debbie sidelinger '86


forward, down under

%516%left%Kia Ora.

It's a greeting Debbie Sidelinger '86 learned when she first began working for New Zealand's Ministry of Maori Development in Wellington, New Zealand. As a Web architect for the government agency, Sidelinger had to quickly learn the language and culture of the Maori, New Zealand's indigenous people. Even the name of her department, Te Puni Kokiri, is Maori: it means "the way forward."

"When I went in, I knew very little," Sidelinger said in a café in Wellington. But with language classes and the help of her colleagues, she gained enough knowledge of the culture to act as Web architect, responsible for all Web-based projects.

She now helps her department fulfill its role as a liaison between the government and the Maori (pronounced MOU-ree). "I love the fact that I'm able to get information out to Maori," she said. While online communication is increasingly important, hard copies are still essential since some Maori people live in rural areas with no Internet connection.

Unlike most of her colleagues, almost three quarters of whom are Maori, Sidelinger said she doesn't have the conflict of having two loyalties,one to her tribe and another to the government. Instead, she brings a different, more neutral perspective, she said.

"I work in an organization where I'm the minority."

The story of how this native of small-town Burnham, Maine, ended up in New Zealand traces back to her junior year at Colby, when she studied at Oxford. "The experience of going abroad my junior year and studying certainly opened me up to different cultures," she said.

%517%right%After graduating from Colby with an English degree, Sidelinger returned to London, where she lived for several years and met her now-husband, Michael Brown, a New Zealander. In 1990 she moved to New Zealand with Michael and they married. She had never before set foot in the country. "It was a bit of a shock coming from a very large city to Wellington," she said. The capital of New Zealand and one of the country's larger cities, Wellington has only about 160,000 people.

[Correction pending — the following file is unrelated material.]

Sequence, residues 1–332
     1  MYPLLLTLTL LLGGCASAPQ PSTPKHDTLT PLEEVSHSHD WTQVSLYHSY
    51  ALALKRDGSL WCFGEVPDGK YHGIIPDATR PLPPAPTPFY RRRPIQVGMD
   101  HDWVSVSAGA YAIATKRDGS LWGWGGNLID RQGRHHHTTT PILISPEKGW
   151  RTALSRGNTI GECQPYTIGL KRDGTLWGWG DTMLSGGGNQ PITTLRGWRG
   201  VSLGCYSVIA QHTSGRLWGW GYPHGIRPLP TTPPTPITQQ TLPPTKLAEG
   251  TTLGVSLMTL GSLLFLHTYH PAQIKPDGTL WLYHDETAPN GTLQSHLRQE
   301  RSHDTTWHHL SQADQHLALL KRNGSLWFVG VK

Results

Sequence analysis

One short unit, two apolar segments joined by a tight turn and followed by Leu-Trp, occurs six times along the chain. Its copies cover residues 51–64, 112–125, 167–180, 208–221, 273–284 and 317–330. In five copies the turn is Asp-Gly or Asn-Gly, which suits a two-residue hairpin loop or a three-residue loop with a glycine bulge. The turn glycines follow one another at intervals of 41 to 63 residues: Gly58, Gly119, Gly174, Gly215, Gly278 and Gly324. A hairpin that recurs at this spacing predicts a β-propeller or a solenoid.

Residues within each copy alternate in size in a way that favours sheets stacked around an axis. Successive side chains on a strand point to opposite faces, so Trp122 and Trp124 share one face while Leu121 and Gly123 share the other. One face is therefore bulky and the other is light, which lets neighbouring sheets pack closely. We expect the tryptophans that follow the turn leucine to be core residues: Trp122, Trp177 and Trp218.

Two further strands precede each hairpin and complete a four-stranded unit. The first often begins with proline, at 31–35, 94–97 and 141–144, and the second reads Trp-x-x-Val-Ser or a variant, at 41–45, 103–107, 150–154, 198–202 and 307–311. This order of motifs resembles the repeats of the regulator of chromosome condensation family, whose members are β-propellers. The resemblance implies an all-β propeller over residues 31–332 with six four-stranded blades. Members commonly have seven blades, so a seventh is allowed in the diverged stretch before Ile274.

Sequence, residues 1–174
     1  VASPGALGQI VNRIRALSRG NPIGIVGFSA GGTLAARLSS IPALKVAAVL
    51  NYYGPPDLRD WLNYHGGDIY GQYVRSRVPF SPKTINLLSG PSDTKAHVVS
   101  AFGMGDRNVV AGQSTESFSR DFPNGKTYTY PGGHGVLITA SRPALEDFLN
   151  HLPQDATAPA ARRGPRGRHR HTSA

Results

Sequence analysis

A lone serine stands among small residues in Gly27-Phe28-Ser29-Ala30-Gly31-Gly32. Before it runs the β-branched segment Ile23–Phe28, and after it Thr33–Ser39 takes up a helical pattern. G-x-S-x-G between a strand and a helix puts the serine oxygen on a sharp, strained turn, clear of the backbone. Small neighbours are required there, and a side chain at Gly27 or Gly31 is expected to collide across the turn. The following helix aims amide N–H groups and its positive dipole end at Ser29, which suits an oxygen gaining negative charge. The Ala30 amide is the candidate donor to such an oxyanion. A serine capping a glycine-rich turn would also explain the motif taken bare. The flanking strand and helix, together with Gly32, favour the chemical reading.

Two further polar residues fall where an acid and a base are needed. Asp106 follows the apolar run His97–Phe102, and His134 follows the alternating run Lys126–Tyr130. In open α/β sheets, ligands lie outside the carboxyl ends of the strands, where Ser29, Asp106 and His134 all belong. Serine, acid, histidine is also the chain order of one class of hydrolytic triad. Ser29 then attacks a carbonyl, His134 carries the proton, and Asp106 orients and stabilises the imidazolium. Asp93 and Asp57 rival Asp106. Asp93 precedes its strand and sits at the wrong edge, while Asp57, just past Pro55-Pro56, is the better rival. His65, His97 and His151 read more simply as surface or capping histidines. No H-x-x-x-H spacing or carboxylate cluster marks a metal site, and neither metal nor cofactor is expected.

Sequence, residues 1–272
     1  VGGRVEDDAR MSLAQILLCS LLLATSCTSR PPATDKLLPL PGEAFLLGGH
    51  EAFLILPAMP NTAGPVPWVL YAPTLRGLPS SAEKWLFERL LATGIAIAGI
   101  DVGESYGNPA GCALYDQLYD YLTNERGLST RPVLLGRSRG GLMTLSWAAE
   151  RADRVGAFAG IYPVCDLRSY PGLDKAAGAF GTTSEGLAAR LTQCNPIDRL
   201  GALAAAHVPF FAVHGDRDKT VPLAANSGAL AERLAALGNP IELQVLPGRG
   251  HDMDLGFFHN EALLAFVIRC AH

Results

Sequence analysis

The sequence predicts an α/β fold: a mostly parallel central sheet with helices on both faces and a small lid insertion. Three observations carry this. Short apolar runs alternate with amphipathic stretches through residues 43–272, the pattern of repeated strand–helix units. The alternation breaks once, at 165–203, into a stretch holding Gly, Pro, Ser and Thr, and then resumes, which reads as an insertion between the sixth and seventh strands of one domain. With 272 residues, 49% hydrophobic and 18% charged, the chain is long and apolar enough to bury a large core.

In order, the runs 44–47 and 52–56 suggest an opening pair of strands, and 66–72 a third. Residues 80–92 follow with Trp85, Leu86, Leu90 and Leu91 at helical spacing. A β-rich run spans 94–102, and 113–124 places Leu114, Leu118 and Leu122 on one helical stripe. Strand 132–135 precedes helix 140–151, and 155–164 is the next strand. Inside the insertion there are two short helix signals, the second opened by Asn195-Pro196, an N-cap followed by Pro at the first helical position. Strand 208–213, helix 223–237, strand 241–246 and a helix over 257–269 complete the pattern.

Sidelinger studied as a librarian at Victoria University in Wellington and later earned a master's in communication. She then worked as a librarian for several years before joining TPK, a job she said she thoroughly enjoys. She immediately noticed the emphasis on family values amongst her Maori colleagues. It's not uncommon for employees to bring their children to work, she said.

With its beautiful scenery, New Zealand is a fitting place for Sidelinger to practice one of her hobbies: photography. But she still misses the Maine snow, she said. While it snows on the country's South Island during the winter months, Wellington sees only rain.
"I miss having four distinct seasons," she said. And because New Zealand's seasons are opposite to those in the States, Sidelinger hasn't seen a white Christmas in years. "I can't get used to having Christmas in the summer. It never feels quite right."

Would she consider moving back to the States?

"We've talked about going back," she said. "[But] we're just so settled."

Her two boys, aged 2 and 6, have both New Zealand and U.S. citizenship, but they have yet to visit the States. Sidelinger said she is hoping to take her older son, Matthew, on a trip to Maine, maybe next year. And in the long run, she said, "I have visions of Matthew going to Colby."

,Alexis Grant '03